Rare Earths: Positivity in Hong Kong as industry prepares for growing demand and rising prices

14th International Rare Earths Conference

Roskill view: An air of cautious excitement surrounded the rare earths industry at this year’s Metal Events 14th International Rare Earths Conference with many delegates expecting further price increases into the New Year as the market continues to tighten for neodymium with strengthening NdFeb magnet demand.

Prices for all elements grew through early to mid-2017 against a backdrop of several market forces including rising magnet demand, plant closures, producer resistance to lower pricing and trader stockpiling. Prices fell back in October with some plants reopening and traders releasing stocks but robust rises in magnet demand continue. Consumption of magnets in electric vehicles is forecast to drive up prices of the magnet materials neodymium and praseodymium in the short-term; this could also encourage some uptick in the price of other rare earth elements.

Much discussion at the conference concerned the opaque nature of Chinese neodymium and magnet material stockpiles, which have the potential to be released in the case of a supply bottleneck (or, alternatively, held in order to bolster prices). In addition, the idea of a theoretical price ceiling, above which, magnet end-users can no longer absorb rising raw material costs, was never far from delegate’s minds. Alister MacDonald, Marketing Director of Alkane Resources suggested an Nd/Pr price sustainability window of US$60-110/kg – below which producers cannot be sustained and above which it becomes uneconomical for consumers. Roskill believes that electric vehicle and wind turbine manufactures could move away from NdFeB magnets in some applications if low availability and high prices of neodymium are sustained.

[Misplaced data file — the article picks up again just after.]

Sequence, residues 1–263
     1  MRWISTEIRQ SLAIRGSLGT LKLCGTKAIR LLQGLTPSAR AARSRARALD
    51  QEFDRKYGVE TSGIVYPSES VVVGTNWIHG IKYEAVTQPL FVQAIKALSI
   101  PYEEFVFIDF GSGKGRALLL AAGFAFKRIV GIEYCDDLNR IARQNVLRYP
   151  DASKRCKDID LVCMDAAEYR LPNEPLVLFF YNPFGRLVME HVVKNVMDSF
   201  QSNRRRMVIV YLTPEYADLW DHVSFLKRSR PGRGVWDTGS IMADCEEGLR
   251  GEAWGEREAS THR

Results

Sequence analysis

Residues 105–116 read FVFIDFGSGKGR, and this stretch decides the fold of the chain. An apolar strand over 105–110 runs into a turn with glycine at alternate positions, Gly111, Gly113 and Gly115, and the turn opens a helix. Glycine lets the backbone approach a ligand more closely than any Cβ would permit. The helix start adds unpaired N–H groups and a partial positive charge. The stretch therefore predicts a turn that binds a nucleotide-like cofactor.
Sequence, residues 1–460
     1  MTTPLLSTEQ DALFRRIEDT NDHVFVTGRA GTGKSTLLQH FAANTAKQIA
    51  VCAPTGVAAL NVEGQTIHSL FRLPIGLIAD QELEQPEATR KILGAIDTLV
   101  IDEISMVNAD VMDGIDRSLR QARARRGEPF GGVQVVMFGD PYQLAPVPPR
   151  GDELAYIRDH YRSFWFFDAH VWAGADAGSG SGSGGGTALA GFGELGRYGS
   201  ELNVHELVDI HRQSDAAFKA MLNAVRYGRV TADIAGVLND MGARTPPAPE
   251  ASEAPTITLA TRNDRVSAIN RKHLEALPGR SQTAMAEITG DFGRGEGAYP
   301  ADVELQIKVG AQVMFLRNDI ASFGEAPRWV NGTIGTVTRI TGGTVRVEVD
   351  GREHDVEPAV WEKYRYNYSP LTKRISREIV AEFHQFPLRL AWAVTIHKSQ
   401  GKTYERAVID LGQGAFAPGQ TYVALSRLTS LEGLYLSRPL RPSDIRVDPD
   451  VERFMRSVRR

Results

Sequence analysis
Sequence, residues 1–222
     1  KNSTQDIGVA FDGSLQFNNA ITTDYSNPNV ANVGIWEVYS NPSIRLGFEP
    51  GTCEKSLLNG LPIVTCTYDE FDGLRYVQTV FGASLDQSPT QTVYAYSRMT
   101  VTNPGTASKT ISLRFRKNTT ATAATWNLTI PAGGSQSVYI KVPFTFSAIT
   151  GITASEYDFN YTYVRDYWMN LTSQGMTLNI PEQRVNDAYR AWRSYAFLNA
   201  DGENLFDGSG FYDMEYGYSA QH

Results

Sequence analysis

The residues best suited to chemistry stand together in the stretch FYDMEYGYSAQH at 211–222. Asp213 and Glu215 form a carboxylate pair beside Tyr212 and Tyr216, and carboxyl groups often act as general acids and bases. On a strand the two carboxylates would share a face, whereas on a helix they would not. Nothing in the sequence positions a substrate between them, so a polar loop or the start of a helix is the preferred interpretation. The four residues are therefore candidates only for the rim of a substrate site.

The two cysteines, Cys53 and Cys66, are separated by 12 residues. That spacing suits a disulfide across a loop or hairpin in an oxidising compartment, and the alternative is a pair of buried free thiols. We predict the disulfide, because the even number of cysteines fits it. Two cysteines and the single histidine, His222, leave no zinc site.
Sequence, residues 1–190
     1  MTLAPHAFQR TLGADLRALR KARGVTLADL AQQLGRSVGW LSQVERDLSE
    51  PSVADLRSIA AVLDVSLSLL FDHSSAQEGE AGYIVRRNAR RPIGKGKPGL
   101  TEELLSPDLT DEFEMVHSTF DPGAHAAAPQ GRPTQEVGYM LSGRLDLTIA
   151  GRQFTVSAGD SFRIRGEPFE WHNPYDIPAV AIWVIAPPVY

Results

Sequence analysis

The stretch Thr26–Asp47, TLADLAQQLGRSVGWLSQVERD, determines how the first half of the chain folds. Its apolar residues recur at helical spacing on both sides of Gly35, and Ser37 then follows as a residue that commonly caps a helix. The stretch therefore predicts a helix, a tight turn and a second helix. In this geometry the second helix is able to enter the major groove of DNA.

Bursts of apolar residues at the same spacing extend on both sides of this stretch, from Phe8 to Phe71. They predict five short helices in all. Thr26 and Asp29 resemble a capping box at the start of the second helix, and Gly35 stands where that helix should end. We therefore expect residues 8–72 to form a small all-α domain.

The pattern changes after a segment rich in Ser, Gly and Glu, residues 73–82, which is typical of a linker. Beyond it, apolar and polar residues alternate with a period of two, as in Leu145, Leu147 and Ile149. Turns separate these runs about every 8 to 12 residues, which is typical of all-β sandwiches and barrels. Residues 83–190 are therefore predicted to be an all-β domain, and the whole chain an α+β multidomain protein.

Delegates heard from existing producers looking to increase production and new project developers hoping to plug the widening gap in neodymium supply. Although a number of developers are hopeful of bringing on new supply of concentrate within the next few years, there still remains a question over the reality of separated production in time to alleviate market fears for Nd/Pr. Supply of concentrate into China seems increasingly inevitable.

Overall, the industry seemed optimistic with hopes that rising prices might encourage new investment in rare earth projects. Several speakers, including closing remarks by Lynas’ Sales and Marketing Director Pol Le Roux, reminded delegates that there would be no return to the extreme rare earth highs of 2011/2012 but, nonetheless, we can perhaps expect a more reserved and realistic return to growth.